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Spanning tree protocol problem RSTP(wireshark Dump)

Discussion in 'Networking' started by Profess0rX, Jul 27, 2016.

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  1. Profess0rX

    Profess0rX Thread Starter

    Jul 27, 2016
    Hello guys, this is my first post on this forum,
    Ive been working for 3 months in a nice company as a system admin.
    This is a wired connection problem.
    I am fresh out of school and a little bit inexperienced with real networking equipment. I mostly learned with packet tracer and GNS3.

    Ive installed a netgear m4100-POE-26G for the production department, this switch is working in EtherChannel(LACP) with a DELL PowerWare 5524 24 Port.

    The lacp is working really well, the trunk also.

    We run RSTP for spanning tree protocol, when troubleshooting slow network access and Ip phones losing assignation, Ive realised that there is an RSTP election going on. Its now been three weeks that I am working on this problem. I know that the Hello packets(keep alive) are timed a 2 seconds on every switch. The core switch has the priority 0 so the root should not change.

    After Sniffing packet for 10 minutes I have found some FCS errors on all of my RSTP packets.

    If I unplug and replug the Dell switch the problem is gone for a day or two.

    The Dell switch has a Fiber trunk going towards the root bridge. This is the link that would be flopping up and down in the same second, with a STP-Forwarding state message.

    Here I have some of the Rstp packet collected, if you can help me troubleshoot this, I would be very grateful.:flowers:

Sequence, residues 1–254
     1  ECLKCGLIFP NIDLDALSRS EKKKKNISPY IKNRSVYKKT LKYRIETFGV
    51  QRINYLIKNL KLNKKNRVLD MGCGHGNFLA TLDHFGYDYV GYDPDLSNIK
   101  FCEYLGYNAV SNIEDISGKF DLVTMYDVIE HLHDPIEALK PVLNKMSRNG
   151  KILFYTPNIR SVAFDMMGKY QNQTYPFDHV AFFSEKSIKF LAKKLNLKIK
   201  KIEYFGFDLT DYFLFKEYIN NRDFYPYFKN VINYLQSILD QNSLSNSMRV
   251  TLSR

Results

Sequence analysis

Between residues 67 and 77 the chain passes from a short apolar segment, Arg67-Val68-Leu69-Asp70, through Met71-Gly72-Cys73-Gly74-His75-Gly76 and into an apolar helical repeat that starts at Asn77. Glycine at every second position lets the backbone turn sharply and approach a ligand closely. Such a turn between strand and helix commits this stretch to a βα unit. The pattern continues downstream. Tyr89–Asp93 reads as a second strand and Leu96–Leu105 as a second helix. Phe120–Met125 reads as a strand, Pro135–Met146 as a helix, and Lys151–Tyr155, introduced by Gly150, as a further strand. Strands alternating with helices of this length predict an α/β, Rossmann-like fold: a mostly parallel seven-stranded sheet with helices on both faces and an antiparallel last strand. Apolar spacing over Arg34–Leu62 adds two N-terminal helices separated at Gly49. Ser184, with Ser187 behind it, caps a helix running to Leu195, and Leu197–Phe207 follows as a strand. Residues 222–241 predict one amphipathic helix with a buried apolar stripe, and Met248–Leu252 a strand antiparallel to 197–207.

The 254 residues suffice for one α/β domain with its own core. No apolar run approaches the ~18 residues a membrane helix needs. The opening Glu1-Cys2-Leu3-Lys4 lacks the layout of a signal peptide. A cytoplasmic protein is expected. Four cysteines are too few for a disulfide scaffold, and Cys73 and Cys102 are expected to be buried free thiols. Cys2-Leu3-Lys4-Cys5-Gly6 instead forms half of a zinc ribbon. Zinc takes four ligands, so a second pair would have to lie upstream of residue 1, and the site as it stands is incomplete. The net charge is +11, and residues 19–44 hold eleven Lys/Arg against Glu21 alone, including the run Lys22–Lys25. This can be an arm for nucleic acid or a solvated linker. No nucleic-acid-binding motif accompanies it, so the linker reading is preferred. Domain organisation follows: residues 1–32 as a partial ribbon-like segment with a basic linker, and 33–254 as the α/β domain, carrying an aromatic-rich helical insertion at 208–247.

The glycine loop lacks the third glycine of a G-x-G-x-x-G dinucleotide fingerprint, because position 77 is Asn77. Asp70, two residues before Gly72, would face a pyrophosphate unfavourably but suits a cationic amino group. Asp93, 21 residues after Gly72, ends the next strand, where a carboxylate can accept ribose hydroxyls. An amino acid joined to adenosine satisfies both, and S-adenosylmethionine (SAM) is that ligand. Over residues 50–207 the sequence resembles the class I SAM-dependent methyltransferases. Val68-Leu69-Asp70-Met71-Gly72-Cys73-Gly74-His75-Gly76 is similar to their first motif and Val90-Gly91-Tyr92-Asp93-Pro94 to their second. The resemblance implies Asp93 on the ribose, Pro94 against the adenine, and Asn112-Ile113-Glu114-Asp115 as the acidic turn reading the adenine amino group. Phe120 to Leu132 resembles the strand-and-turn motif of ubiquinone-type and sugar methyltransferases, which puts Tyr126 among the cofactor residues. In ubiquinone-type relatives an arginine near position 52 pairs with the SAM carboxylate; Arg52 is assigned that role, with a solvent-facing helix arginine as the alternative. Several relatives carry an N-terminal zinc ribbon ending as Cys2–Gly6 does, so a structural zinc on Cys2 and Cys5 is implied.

No. Time Source Destination Protocol Length Info
    1 0.000000 Dell_b2:38:07 Spanning-tree-(for-bridges)_00 STP 64 RST. TC + Root = 0/0/a0:63:91:9e:60:54 Cost = 2000 Port = 0x8010 [ETHERNET FRAME CHECK SEQUENCE INCORRECT]

    Frame 1: 64 bytes on wire (512 bits), 64 bytes captured (512 bits) on interface 0
    IEEE 802.3 Ethernet
    Destination: Spanning-tree-(for-bridges)_00 (01:80:c2:00:00:00)
    Source: Dell_b2:38:07 (d0:67:e5:b2:38:07)
    Length: 39
    Padding: 00000000000000
    Frame check sequence: 0x00000000 [incorrect, should be 0x4da67cf2]
    [FCS Good: False]
    [FCS Bad: True]
    Logical-Link Control
    Spanning Tree Protocol
    Protocol Identifier: Spanning Tree Protocol (0x0000)
    Protocol Version Identifier: Rapid Spanning Tree (2)
    BPDU Type: Rapid/Multiple Spanning Tree (0x02)
    BPDU flags: 0x5f, Agreement, Learning, Port Role: Designated, Proposal, Topology Change
    Root Identifier: 0 / 0 / a0:63:91:9e:60:54
    Root Path Cost: 2000
    Bridge Identifier: 28672 / 0 / d0:67:e5:b2:37:f7
    Port identifier: 0x8010
    Message Age: 1
    Max Age: 20
    Hello Time: 2
    Forward Delay: 15
    Version 1 Length: 0
  2. zx10guy

    zx10guy Trusted Advisor Spam Fighter

    Mar 30, 2008
    You need to post up your network topology to show how the switches are connected together which one is the root bridge and the priority assigned to that switch.

    Both switches have the capability to have commands issued through a command line. I suggest you use that. I would do a show spanning tree type command to see what the switch reports as its priority and who it identifies as the root bridge. Next I would look through each of the switch ports as there should be a table displayed from the show spanning tree command to see what each port shows as its operating state (ie forwarding, listening, learning, blocking). Next I would look for what the port role is whether the port is showing as a designate, root, alternate, etc. The port on a non root switch which has the shortest pathway to the root bridge switch should have a port role as root. Make sure the port identified as a root port is the right interface.

    I also haven't ever seen a STP priority value set to 0 (zero). The lowest number I've seen used to assign to a root bridge is 4096.

    If you double check everything and it all seems correct, I would implement spanning tree commands on all ports which you don't expect a switch to be plugged in to have settings such as BPDU guard and/or root guard.
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